Retail thefts soar, John Lewis CEO Dame Sharon White urges for harsher measures to crack down on stealing gangs.

Dame Sharon White, Chairperson of John Lewis and Waitrose, has urged the government to implement stricter legislation to combat the surge in shoplifting gangs causing thefts and looting in retailers. This comes as shoplifting incidents have risen by over a quarter within a year, with county lines-style gangs orchestrating thefts for targeted orders. The increase has been exacerbated by the actions of teenage TikTok individuals organizing acts of anti-social behavior in bustling shopping areas like London’s Oxford Street and Manchester city center.

The British Retail Consortium (BRC) recently reported a 27 percent rise in reported retail thefts across ten major UK cities, with some cities experiencing a 68 percent increase. During an appearance on Good Morning Britain, Dame White proposed that the government consider introducing new robust legislation to deter criminal activity and anti-social behavior. She shared an example from Scotland where a specific law safeguards shop workers against abuse and attacks, demonstrating the potential effectiveness of such measures.

Dame White emphasized that such legal measures could significantly enhance the safety and longevity of the UK’s high streets. She noted the significance of recognizing that these crimes are not trivial, as the costs incurred due to theft eventually impact customers as well. The Protection of Worker’s bill in Scotland, enacted following a surge in violence against retail staff during the pandemic, could serve as a model for such legislation.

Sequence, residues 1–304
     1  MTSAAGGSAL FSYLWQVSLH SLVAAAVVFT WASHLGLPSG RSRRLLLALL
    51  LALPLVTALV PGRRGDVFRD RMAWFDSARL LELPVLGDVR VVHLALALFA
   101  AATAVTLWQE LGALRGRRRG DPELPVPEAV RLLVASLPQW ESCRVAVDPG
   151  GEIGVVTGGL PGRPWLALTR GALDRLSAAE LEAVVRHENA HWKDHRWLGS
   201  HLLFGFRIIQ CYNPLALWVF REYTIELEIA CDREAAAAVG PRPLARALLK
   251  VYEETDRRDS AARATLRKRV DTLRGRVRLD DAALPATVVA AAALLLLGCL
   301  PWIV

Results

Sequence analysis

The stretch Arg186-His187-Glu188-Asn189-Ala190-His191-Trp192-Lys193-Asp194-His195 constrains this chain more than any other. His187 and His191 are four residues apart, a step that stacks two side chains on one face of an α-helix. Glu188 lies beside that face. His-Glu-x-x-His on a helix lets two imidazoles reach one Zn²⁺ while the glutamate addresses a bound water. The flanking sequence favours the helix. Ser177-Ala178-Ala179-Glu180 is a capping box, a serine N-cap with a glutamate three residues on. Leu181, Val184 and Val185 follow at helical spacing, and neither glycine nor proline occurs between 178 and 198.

Dame White highlighted that having local law enforcement take these offenses seriously and being present on-site can make a substantial difference. To encourage police presence in their stores, Waitrose is providing on-duty officers with free hot drinks and discounted food, hoping to deter potential thieves merely by the presence of a police car parked outside.

The British Independent Retailers Association reported a notable rise in organized retail crime, resembling tactics akin to county line drug operations. Major supermarkets are adopting measures such as security tags on products and displaying empty packaging to address theft issues. Incidents of violence and abuse against retail staff have also increased, prompting chains like John Lewis, Waitrose, Tesco, Sainsbury’s, and Boots to equip staff with bodycams and offer training to deter aggressive thieves.

This year, the police recorded 339,206 shoplifting cases, but the BRC estimates the true figure to be around eight million, resulting in nearly £1 billion in losses for retailers over the year. The rise in organized crime in the retail sector has posed a significant challenge to smaller businesses, affecting their profits and prompting concerns similar to those seen in county line drug activities.

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